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The Primary Product: Its Producer '& Problems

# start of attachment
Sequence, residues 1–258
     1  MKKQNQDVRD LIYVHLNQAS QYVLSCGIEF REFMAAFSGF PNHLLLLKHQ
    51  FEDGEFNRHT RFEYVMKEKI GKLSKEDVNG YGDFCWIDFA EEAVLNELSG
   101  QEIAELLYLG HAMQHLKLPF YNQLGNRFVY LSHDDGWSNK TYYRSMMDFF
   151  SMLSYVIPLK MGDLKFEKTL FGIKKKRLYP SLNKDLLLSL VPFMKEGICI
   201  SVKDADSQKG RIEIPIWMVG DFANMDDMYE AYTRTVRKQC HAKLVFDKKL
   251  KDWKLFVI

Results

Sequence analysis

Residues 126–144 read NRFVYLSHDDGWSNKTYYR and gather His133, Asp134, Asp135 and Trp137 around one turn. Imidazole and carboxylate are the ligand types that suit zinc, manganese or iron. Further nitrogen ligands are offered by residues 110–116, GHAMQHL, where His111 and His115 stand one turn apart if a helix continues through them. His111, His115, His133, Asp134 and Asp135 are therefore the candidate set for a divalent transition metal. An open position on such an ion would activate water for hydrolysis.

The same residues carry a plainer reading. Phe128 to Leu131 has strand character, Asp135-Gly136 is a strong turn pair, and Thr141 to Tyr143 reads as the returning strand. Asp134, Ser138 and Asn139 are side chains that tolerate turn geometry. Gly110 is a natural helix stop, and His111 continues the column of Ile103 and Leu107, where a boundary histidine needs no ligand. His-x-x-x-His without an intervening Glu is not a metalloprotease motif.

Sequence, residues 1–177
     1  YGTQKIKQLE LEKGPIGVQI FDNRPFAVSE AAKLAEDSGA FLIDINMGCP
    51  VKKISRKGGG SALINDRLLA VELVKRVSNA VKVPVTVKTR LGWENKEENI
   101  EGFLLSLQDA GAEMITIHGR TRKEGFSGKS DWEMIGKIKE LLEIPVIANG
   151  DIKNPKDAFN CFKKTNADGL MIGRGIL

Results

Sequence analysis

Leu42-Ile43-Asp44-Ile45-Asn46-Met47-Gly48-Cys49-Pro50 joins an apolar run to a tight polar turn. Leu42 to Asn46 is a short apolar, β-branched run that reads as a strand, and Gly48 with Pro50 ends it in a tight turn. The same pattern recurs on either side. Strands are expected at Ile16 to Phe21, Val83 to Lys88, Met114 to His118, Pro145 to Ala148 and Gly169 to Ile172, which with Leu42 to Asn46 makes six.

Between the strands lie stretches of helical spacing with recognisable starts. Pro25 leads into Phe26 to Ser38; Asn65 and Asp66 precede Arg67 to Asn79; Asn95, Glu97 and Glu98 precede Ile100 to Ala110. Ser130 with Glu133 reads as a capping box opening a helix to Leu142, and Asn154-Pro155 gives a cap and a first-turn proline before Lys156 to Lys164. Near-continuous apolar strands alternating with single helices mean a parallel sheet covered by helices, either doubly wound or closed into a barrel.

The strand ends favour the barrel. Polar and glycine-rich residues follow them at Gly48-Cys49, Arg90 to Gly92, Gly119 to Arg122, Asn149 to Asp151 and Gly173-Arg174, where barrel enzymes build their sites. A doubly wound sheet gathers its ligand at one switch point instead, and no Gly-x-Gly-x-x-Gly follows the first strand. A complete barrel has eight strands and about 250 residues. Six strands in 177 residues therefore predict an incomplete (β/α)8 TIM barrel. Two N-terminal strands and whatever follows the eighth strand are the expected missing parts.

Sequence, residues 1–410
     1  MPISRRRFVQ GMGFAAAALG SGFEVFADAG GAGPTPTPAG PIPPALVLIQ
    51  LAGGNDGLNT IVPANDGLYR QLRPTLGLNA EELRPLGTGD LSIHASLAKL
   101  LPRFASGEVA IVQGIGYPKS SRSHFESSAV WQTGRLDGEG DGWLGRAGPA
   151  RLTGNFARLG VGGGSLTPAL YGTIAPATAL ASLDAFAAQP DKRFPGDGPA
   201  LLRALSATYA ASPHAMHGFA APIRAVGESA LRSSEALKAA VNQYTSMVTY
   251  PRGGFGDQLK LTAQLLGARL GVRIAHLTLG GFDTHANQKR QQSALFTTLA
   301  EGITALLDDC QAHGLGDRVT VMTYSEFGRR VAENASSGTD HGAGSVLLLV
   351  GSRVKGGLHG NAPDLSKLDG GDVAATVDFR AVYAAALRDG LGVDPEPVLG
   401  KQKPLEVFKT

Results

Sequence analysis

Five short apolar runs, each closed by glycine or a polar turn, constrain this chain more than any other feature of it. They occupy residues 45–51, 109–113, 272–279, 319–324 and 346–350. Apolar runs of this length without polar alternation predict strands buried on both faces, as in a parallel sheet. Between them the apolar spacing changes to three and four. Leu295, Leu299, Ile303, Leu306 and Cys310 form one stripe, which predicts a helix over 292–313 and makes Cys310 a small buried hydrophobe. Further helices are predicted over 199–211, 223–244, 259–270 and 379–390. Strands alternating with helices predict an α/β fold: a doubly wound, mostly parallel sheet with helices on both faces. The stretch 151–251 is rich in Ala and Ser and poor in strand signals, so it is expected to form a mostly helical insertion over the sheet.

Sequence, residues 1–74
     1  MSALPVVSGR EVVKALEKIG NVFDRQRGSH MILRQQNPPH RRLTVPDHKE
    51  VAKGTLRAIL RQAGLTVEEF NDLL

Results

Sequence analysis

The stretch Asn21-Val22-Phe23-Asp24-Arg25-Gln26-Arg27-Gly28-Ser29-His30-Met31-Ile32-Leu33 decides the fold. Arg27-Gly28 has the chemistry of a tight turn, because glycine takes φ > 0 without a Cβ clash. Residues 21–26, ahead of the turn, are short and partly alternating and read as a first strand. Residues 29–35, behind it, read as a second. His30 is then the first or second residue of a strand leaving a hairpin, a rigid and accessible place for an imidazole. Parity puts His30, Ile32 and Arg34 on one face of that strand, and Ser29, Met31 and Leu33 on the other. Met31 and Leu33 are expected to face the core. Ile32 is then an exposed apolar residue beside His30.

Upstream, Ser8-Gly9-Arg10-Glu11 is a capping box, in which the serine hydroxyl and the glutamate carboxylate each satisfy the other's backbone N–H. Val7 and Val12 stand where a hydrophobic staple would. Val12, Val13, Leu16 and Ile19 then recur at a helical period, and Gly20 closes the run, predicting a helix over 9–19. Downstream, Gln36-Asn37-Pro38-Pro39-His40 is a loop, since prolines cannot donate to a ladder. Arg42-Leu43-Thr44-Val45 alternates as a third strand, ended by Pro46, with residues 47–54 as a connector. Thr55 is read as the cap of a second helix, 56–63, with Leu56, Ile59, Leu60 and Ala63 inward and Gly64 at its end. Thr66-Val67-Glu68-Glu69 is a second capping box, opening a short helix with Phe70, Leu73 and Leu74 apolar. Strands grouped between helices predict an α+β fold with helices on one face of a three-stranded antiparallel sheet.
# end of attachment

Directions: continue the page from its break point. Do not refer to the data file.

A FARMER of Clemons, Iowa, addressed the Cham ber of Commerce of the United States the other day. He said things. People in the cities M oVer anything bearing a headline about farming The) don't underttind. This farmer, J. K. Howard, speak jng for one million of his fellow tillers of the soil, said things in I way to be understood. To make it still easier and more impressive we have reduced the principal points to this form. (j. Was there a decrease in the Farmers' produc tion of food last year? A. No. Every industry but farming has shown a decrease. In 1919, coal production decreased 20 per ant; iron production, 24 per cent; steel production, 27 per cent ; copper production, 45 per cent. Hut the 1919 wheat crop has only been exceeded once. The 1917 corn crop was larger than the 1919 crop by a few bushels, but it was far below in food value. Except in cotton and potatoes, the 1919 farm crops were above the 10-year average. QjTken why the Food Shortage? A. There is no food shortage. No one has gone hungry in our country because of scarcity of food. Country elevators are filled to the roof with wheat or corn or ats, with no market outlets. Hogs and cattle an being held in feed lots all over the country until they arc over-prime, because of car shortage, conges tion and embargoes. The 1920 grain crop will be harvested and threshed long before the 1919 crop can all be marketed Tin- fanner is fortunate that the 1920 crop will be smaller, because he could not store it tin remaining 1919 crop which he cannot sell oc cupies moat of his storage. Q. Why doesn't the Fanner sell abroad where lack of food is reported t A. He would if he could. He has always counted on export trade to help him. But there is now no foreign demand for American foodstuffs. Europe has ceased to be OUT customer. For many weeks she has heetl buying the accumulated surpluses of other lands where exchange rates are less unfavorable than ours. Our wheat, pork and cotton, in the meantime, lie unsold. Qd Then what makes the price of food so high A. It is not the price paid to the farmer that de termines the cost of food and clothing The cost is made somewhere between the farmer and the con sumer. To reduce the cost of living means that the costs of transportation, marketing and distribution will have to be reduced. The service costs more than the product. The cost of living will be lowered when the margin is reduced between the price which the con sunn r pays for the ham and that which the producer receives for the hog. Indeed, the whole problem is there. The farmer is not immune. He himself is the laryet single purchaser of food, shoes, clothing and lumber in the country. He uses more steel annually than do the railroads. All the extra costs stuck in between the producer who serves the farmer and the farmer himself, means that it costs the farmer more to live and do his work. Costs are tacked on his incoming goods, and on his outgoing goods, and he is caught in tin same net that catches them all. Until those margins are cut. the margin between the hide and the shoe, the cotton and the cloth, the hog 1 , Louisville, Ky., Courier-Journal. and the ham, our economic conditions will continue acute. (J. Would not increased production on the part of the Farmer help to solve the question A. Increased production at this time would be over production. Agricultural production has already over loaded the marketing and transportation facilities of the country. Present conditions do not seem to call for nor warrant increased production. Hour stomachs will hold no more food, why produce it? If there is no place at home or abroad for the surplus to go, why produce the surplus? I am not an advocate of under production. Production must be maintained. Under production if persisted in, would cripple all industry and react upon the farmer himself, he being the largest single purchaser of the live great staples of produc tion. Anyway, there will be a decrease in production this year. That is already in sight. Q Why a decrease in this year's agricultural pro duction ? A. Why? The city tells the story. Why is there an acute housing condition in every town and city, and plenty of empty houses on the farms of every state? That tells the story. Do you think that the people are leaving large and certain incomes on the farm to face hunger and priva tion in the city? "Horse sense" says no. Then why are they going? Because the industrial center offers better inducements than the farm. w. look at some reasons why farm production in 1920 will show a decrease: In New York State, 25,000 farms will lie idle for lack of labor. J ust about half of the agricultural land of Massa ajiusettl has been abandoned. The farmers could make more money in eight hours at the factory than could be earned on the farm in 12 hours. Of course they abandoned the farms ! Alabama farmers are leaving idle 1,000.000 acres. Iowa has 1,000 untenanted farms, and is short 16 per cent of her quota of farm labor. (There will be 3,000,000 fewer acres of wheat in Kansas. The farm boys of Iowa and Nebraska, who were drafted for the army and navy, are not return ing to the farms.) More than that, the whole system of farm hours and wages has undergone a complete change. The men now working on the farms are demanding not only city wages, but city hours. Tiny arc entitled to both, for no class of men should enjoy more privileges than an other class engaged in a similar calling. But the fact remains that THE FORTV-FOUR HOUR WEEK WILL NOT FLU!) ,ixi) CLOTHE THE WORLD. Q. How docs the Farmer feel about all this? A. The morale of the Farmers is at low ebb. For four years they have worked as never before. Wives and daughters took the place of fathers, sons and brothers in the field. They claim no credit; it wai simply duty's call. Hut the Farmer feels he was not treated right. Most industries were placed on a cost plus basis; his was not. He was promised $2.20 for his wheat; figures in the Department of Agriculture showed it cost him $2.27 to produce it: as a matter of fact he received about $1.90. He was allowed 13 times the price of a bushel of corn for . very 100 pounds of pork he produced. It cost him 12 bushels of corn to produce the 100 pounds of pork. He thus received one bushel of corn for producing 13 bushels and 100 pounds of pork. All this has left unfortunate memories. Q. Can not we increase the number of men on the farm? A After the Civil War, Horace Greeley said: "Go West, young man," and young men went West. The West of Greeley's vision is gone. There are no more acres of fertile lands to be brought under cultivation, barring a few million that at great cost may yet be irrigated, and small tracts of wet land which may sometime be drained. But in the big problem these are insignificant. America must feed and clothe her growing population from lands now in tillage. If the country permanently neglects its agricultural interests, enlarging its industrial interests and depend ing on other lands for food, then we must be prepared to guard every road of the high seas. A permanent agricultural policy as a measure of national defense is vastly more important to our whole citizenship than is a national naval or military program. But if this present condition is allowed to drift to its natural end, then, when the limits are reached and the belts of the hungry people cannot be pulled any tighter, a back-to-the-fann movement will begin in such volume that industry will suffer. In the mean time, undesirable national elements will flourish and radicalism grow rampant. the hint and soon removes such old men from the stage. The moral is. stick to the farm, stick to the country. Matthew Arnold did not reach old age; he died at sixty eight ; hut he took a discourag ing view of it in his ooem "On Growing Old." His "sad he redity of soul" led him to cheerless anticipations of it: It is to spend long days And not once feel that we were ever young; It is to add, immured In the hot prison of the present, month To month with weary pain. It is to suffer this, And feel but half, and feebly, what we feel. I eep in our hidden heart 1 esters the dull remembrance of a change, But no emotion none. If old age were this, then indeed might one shrink from its approach. Tennyson in his poem on Evolu takei quite a different view : I have climbed to the snows of Age, and I gaze at a held in the Past, Where I sank with the body at times in the dough of a low desire, But I hear no yelp of the beast and the man is Quiet at last As he stands on the heights of his life with a giimpte of a height that is higher. I" growing old we are not going down a hill into a Hey ; rather are we climbing a hill, and the hill gets ''"per and steeper, our breath shorter and shorter, and our strength less and less yet there are compen sations If we d0 not jiave a wider outlook from the .Ol the hill than we had from the bottom something Wrious has gone wrong with us. To speak of the wis Ooiti of age is no misuse of terms. Age brings the Philosophic mind. It is the privilege of age to be tol erant. charitable, disinterested, judicial. Emerson published his essay on old age when he gJ yet in the middle sixties, and I recall that in the rrer,s9n-carlylc correspondence both men began to Waw c of bein8 old before they were sixty. Sir a,ter Scott was old before his time; he drank too Length of Days Concluded from page 3 always count on strike the heroic much port which did not in the end alleviate the bur den he so manfully carried. Macaulay failed to reach old age. Scott died at sixty-one. Macaulay at fifty-nine. Tennyson, who was more temperate and had an easier life, died at eighty-three, Carlyle at eighty-six. Emer son at seventy-nine and Goethe at eighty-three. Amiel died at sixty, and yet he lived long enough to see that to know how to grow old is the masterwork of wis dom, and one of the most difficult chapters in the great art of living. In old age, he says, our view is clearest and our eye truest: "The old man who is at once sym pathetic and disinterested, necessarily develops the spirit of contemplation, and it is given to the spirit of contemplation to see things most truly because it alone perceives them in their relative and proportional value." Without the spirit of contemplation, old age would be poor indeed. . Some one has said that the art of growing old is only the art of right living carried into old age. Hut it is more than that. The art of living at sixty will not suffice you at eighty. The margin of safety is less. You must take in sail. Says Emerson in his Terminus: The god of bounds, Who sets to sCas a shore, Came to me in his fatal rounds And said, "No more! No farther shoot Thy broad ambitious branches, and thy root. Fancy departs : no more invent ; Contract thy firmament To compass of a tent." As the bird trims her to the gale, I trim myself to the storm of time, I man the rudder, reef the sail, Obey the voice at eve obeyed at prime: "Lowly, faithful, banish fear. Right onward drive unharmed; The port, well worth the cruise, is near, And every wave is charmed." One can Emerson to note. The art of growing old is an art in a stricter sense than is life before middle age. A man must have more care of his vital resources. He cannot with im punity spend himself so freely. He must avoid the steep, rough paths of life. To grow old gracefully and cheerfully, and welcome the ye&ri bravely, is to he master of the art. Beware of loss of interest in life, beware of stagnation. The cur rents must he kept going. Humboldt lived to be ninety, and wrote his masterwork, KosmOS, during his last yearf. He slept but four hours out of the twenty four and worked at midnight. James Martineau reached ninety and wrote his Seat of Authority in Re ligion at eighty-five. Cardinal New man reached eighty seven, and his brother, T. W. Newman, lived to ninety two. The gift of long life falls upon the worthy and the unworthy alike. In my youth 1 knew an ordinary man who lived to be one hundred and three or more, and during the last years of his life he lived alone in one room, living as do the cattle in a stable. As to practical details in the art of long life, Cor naro proved convincingly that temperance in all things is one of the secrets. Light eaters and drinkers, other things being equal, will be the long livers. "To leng then your life." My an old proverb, "shorten your meals." In my own case I come of a lean, hungry race few of whom have reached more than four score years. Heing a primate. I should live only on fruits and nuts, hut for the nuts I am obliged to substitute vegetables and to cut out coffee, tea, pepper, tobacco, ami all alcoholic beverages. But so different are 0U1 wants! I found in California a well-known arti A my OWH age who eats no fruits and no vegetable- but who smokes and takes a bottle of stout, and often other wine, and meat daily. Some men are naturally hard keepers, like their horses; others are easy keepers. Thomas A. Edison, for instance, is an easy keeper, and nonagenarians are common in his line, of descent. Not many years ao a well-known Frenchman passed his century mark whose daily ration was one raw egg in a pint of wine. Cotlki one but greet old age in the spirit of Whitman : "Old age superbly rising 1 Oh, welcome ineffable grace of dying days."